Ayurveda & Nutritional Food Habits

by Vibe
posted in Blog
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It is interesting and mildly amusing that the more science develops, the more we seem to accept the wisdom of our ancestors. The inference being that with the passage of time and in a hurry to modernize, we lost our true bearings. As new diseases appear and, modern medicine becomes helpless to deal with certain diseases, humankind seeks solutions from the past.

Ayurveda is a way of life and not just a system of medicine. Ayurveda literally means long life through knowledge. The knowledge being employed to strengthen the immune system and the body to ward off diseases and thus ensure a long healthy life. And, one of the cornerstones in this approach is good nutrition.

“When diet is wrong, medicine is of no use. When diet is correct, medicine is of no need”- Ancient Ayurvedic Proverb.

The balance between Vata, Pitta and Kapha – the Tridoshas result in good health and this balance is partly brought about by the food we eat. A deviation from this causes an imbalance and is one of the root causes for a majority of the maladies affecting the human body – lifestyle diseases, is an appropriate term. The imbalance can affect the digestive process which can result in formation and accumulation of ama (toxins). Ama in turn affects the complete body and results in disease. The key to healthy health lies in the elimination of this ama, which can be possible through detoxification and through proper nutrition.

Ayurveda addresses these problems by designing a diet that tries to bring the balance back to the body. Ayurveda requires the use of certain herbs and spices – turmeric, chillies, caraway, ginger etc on a regular basis. The best way to use these on a daily basis was to incorporate them into food, one way of ensuring. Cooking with herbs ensures better digestion and absorption of food, which in turn means better assimilation and elimination. Indian gooseberry (Phyllanthus emblica), Turmeric (Curcuma longa), Aswhwagandha (Withania somnifera), Guduchi (Tinospora cordifolia), Yashtimadhu (Glycyrrhiza glabra ), garlic (Allium sativum) etc have been used in India either as a part of the culinary recipes or as a specific ingredient in rasayana preparations. Today, science agrees that these are some of the most effective anti-oxidants known to humankind and are as effective in treating diseases as in their prevention.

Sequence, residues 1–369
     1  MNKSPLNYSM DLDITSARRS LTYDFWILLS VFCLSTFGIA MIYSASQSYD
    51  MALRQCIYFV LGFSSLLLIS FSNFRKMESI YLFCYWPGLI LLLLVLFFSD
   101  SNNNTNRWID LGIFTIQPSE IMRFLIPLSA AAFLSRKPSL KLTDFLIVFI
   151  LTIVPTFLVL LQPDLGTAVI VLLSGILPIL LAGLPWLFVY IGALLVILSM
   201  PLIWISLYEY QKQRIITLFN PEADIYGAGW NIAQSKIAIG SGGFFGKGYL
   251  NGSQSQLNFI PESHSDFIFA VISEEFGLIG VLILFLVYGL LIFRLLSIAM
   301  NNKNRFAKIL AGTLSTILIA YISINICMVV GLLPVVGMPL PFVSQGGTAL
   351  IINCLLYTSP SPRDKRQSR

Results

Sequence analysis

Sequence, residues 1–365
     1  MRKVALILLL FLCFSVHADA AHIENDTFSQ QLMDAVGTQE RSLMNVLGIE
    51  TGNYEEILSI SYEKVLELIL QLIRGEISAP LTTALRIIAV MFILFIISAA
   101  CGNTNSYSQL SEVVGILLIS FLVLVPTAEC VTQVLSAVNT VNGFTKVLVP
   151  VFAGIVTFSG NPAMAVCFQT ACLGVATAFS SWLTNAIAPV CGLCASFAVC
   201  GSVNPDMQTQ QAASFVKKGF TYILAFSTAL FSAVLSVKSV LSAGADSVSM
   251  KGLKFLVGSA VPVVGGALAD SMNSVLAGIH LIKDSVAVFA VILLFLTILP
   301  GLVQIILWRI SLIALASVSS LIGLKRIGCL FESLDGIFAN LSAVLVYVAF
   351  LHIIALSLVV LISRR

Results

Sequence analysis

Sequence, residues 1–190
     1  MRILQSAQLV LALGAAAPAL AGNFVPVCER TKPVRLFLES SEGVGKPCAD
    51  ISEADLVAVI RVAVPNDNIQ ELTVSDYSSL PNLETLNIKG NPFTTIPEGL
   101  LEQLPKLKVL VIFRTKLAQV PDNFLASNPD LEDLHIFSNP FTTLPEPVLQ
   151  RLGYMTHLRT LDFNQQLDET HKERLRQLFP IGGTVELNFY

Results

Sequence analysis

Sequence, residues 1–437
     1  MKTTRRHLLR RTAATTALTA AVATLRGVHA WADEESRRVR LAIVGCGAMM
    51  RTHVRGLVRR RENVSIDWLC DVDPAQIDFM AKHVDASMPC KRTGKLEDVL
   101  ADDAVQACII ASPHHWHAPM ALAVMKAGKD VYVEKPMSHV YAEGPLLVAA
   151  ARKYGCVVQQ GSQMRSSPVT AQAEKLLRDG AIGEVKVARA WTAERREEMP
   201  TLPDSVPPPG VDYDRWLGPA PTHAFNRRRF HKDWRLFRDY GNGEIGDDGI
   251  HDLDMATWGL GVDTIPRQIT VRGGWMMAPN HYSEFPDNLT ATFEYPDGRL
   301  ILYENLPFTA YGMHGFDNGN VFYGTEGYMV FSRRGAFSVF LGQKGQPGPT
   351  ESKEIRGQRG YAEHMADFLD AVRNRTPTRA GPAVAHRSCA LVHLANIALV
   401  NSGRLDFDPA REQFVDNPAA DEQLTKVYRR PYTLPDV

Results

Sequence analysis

Ayurveda is uncomplicated in its approach and requires an individual to adapt with the environment surrounding the individual. Which means, the diet to be taken, is dependent on the place, the weather, the requirement of the body and should be taken at proper intervals. Diet is to be sourced from organic food grown locally. Fruits and leaves used in the food are best plucked early in the morning rather than in the evening. Cooking is to be done on stoves that use wood as a fuel. Utensils are either made of clay or bronze. Water stored in copper vessels overnight should be consumed as this again helps in balancing the Tridoshas. Food is to be prepared with love and served with devotion.

The heaviest meal of the day is to be taken between 12.00 and 13.00 when the Pitta content is at the highest. The lightest meal is the last meal of the day.

Ayurveda is a way to good health. Each individual can make a few changes to the diet. A couple of additions and a few deletions in your current diet would go a long way in helping you avoid the many maladies of modern life like

hypertension, Alzheimer’s disease, obesity etc. The key to good health lies in building up a strong constitution and a few nutritional tips from a 5000 year old science would be one big step in the right direction.

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